1. When the defendant by her answer admitted the execution of the note in the manner alleged, at a place where a principal would ordinarily sign, the law placed upon her the burden of establishing her plea of suretyship. This rule was succinctly stated by Judge MacIntyre for the Court of Appeals in Lovelady v. Moss, 50 Ga. App. 652, 653 (179 S. E. 168), where it was said: "Where the wife signs the note as an apparent principal, the burden is on her to prove that she signed as surety only, and that the payee of the note, with knowledge of the facts which would constitute her a surety, contracted with her as a surety." See also Sutton v. Aiken, 62 Ga. 733, 742; Perkins v. Rowland, 69 Ga. 661, 664; Howard v. Simpkins, 70 Ga. 322 (4b) Temples v. Equitable Mortgage Co., 100 Ga. 503, 507 (28 S. E. 232, 62 Am. St. R. 326); Hall v. Rogers, 114 Ga. 357 (40 S. E. 250); Bank of Lumpkin County v. Justus, 150 Ga. 286, 287 (2) (103 S. E. 794); Bennett v. Danforth, 36 Ga. App. 466 (137 S. E. 285); Boles v. Hartsfield Co., 50 Ga. App. 442, 443 (178 S. E. 416); Veal v. Veal, 50 Ga. App. 445, 446 (178 S. E. 456); Allmond v. Mount Vernon Bank, 53 Ga. App. 565, 567 (3? (186 S. E. 581); Herron v. Interstate Life Ins. Co., 55 Ga. App. 534, 538 (190 S. E. 631).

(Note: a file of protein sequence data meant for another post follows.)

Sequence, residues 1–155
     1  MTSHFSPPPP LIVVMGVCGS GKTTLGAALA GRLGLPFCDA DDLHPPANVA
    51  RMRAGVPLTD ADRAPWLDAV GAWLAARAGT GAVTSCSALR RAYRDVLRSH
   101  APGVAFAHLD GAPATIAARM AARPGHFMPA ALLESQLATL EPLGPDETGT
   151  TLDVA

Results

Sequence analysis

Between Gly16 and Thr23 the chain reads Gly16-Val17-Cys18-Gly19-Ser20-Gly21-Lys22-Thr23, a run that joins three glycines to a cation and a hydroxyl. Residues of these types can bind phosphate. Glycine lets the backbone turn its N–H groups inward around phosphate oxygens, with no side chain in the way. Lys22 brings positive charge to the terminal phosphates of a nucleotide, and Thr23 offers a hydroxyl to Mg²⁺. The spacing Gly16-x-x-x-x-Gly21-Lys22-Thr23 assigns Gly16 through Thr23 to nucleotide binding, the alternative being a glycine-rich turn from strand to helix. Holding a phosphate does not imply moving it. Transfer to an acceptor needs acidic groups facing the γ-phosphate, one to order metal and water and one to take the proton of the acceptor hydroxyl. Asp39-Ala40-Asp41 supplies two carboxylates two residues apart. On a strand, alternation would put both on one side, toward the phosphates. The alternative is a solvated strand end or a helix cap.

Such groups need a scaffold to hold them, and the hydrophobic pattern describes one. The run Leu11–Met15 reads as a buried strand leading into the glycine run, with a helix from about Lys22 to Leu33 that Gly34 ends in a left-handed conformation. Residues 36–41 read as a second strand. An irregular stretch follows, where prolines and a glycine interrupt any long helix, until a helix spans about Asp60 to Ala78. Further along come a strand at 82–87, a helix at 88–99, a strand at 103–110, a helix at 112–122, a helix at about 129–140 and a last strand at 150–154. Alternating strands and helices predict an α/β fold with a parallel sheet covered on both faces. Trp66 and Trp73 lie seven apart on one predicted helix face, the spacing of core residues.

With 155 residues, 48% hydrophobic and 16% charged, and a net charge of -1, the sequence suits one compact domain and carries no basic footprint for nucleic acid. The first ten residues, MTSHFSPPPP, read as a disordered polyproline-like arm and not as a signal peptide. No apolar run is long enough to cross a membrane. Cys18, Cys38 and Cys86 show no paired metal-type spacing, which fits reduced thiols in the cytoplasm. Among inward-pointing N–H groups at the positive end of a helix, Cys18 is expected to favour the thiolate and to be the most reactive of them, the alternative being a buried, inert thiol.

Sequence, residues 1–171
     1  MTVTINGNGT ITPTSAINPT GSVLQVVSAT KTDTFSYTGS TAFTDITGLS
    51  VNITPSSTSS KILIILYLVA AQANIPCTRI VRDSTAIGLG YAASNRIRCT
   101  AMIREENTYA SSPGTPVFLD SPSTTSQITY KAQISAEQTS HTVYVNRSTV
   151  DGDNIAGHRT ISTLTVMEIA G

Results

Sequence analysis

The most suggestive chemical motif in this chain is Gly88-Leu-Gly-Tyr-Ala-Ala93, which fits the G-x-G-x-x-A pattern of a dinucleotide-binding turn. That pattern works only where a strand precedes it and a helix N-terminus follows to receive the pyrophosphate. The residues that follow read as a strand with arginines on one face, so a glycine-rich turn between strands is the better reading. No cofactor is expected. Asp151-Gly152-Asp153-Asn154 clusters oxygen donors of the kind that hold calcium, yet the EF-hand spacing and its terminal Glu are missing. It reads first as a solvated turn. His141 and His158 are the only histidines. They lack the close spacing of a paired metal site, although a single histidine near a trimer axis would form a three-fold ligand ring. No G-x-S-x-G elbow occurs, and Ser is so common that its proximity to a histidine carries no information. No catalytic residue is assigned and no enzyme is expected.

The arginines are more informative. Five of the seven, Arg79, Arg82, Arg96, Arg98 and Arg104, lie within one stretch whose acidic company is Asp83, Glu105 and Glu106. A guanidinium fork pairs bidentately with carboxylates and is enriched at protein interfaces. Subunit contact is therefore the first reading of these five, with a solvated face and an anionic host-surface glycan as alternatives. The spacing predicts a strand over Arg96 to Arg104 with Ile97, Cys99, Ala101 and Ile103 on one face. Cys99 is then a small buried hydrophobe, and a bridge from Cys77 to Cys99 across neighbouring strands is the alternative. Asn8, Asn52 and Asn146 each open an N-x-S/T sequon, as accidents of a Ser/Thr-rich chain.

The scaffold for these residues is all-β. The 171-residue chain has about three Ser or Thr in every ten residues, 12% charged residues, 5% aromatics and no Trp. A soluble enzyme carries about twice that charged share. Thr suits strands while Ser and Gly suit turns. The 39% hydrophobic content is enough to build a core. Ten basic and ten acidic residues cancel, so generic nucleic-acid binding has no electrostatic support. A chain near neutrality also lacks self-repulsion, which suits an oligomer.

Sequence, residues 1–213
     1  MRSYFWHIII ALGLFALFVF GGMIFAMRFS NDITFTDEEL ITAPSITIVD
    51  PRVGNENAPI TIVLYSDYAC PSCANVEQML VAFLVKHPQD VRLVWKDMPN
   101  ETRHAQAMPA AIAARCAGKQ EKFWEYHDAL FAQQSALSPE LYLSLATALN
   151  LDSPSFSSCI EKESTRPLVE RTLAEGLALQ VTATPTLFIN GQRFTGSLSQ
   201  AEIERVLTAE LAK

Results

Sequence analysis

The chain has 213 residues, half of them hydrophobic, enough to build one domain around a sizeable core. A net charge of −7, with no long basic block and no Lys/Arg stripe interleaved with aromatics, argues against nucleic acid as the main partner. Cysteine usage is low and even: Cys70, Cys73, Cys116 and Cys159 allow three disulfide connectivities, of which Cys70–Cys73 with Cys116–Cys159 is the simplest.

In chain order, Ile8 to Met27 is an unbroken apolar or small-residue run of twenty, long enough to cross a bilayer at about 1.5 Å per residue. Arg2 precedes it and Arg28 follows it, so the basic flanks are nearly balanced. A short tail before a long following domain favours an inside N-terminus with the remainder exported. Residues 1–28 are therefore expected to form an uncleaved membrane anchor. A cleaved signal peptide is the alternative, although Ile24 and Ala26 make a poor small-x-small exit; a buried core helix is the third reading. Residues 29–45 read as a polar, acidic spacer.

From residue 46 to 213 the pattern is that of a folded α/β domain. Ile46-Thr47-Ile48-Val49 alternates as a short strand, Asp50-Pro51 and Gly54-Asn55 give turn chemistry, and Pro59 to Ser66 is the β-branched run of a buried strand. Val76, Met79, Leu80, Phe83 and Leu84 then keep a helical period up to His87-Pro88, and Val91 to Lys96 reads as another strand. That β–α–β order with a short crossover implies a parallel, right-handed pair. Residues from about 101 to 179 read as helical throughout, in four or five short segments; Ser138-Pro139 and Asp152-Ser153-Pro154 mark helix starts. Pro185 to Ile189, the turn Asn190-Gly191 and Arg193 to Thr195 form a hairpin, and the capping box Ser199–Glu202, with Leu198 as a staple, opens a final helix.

In the present case, as set forth in both the majority and minority opinions by the Court of Appeals, the only evidence offered by the defendant tending to show that West Georgia National Bank had any knowledge that the defendant had signed the note only as a surety wa her own testimony concerning an alleged conversation had by her with Mr. Cobb, cashier of the bank, who had since died. According to this testimony by the defendant, after her husband had left town and the note was past due, she went to the bank for the first time and talked with Mr. Cobb about the note, and Mr. Cobb told her that he had let her husband borrow the money, that the note was due, that her husband had borrowed the money from the bank to pay for a filling station he was running, and that he had let her husband have the money because Roy Richards' name was on the note. This evidence was objected to by counsel for the plaintiff, at the time it was offered, on a number of grounds, including the ground that it was a conversation with a person since deceased and out of the hearing of the plaintiff.